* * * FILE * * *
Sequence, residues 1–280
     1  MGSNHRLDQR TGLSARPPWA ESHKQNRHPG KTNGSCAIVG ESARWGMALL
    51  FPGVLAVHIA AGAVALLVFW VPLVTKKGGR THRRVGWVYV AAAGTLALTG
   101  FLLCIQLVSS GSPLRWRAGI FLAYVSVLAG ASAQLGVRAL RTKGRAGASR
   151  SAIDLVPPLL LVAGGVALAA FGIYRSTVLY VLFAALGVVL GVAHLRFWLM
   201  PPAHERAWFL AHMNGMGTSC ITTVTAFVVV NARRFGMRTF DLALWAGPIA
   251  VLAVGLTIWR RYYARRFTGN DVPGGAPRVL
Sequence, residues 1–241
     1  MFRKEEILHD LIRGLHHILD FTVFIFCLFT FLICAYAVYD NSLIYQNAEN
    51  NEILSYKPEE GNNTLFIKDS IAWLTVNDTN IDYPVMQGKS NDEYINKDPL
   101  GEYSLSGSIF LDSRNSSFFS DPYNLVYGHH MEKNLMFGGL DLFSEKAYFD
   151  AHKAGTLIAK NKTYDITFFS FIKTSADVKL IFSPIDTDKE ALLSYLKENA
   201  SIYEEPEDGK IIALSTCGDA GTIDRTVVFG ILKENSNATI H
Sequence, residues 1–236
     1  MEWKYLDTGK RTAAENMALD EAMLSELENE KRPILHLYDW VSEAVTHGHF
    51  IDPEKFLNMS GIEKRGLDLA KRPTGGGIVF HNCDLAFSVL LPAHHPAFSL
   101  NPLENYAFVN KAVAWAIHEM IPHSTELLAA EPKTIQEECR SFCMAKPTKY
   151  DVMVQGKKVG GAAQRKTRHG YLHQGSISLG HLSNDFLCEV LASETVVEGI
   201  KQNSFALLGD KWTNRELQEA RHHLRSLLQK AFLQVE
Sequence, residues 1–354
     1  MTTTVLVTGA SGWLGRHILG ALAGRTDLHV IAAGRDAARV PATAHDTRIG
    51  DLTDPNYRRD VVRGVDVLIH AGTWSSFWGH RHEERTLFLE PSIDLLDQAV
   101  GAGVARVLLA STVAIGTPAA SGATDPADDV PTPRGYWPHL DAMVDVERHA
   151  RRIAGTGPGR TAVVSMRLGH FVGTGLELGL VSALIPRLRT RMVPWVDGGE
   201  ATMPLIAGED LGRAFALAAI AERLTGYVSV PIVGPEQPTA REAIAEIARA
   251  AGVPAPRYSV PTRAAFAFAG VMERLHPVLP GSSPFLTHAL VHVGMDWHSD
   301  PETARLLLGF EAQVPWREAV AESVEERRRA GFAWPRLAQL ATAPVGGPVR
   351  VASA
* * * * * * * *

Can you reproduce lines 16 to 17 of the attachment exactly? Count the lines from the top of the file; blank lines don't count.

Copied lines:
    51  IDPEKFLNMS GIEKRGLDLA KRPTGGGIVF HNCDLAFSVL LPAHHPAFSL
   101  NPLENYAFVN KAVAWAIHEM IPHSTELLAA EPKTIQEECR SFCMAKPTKY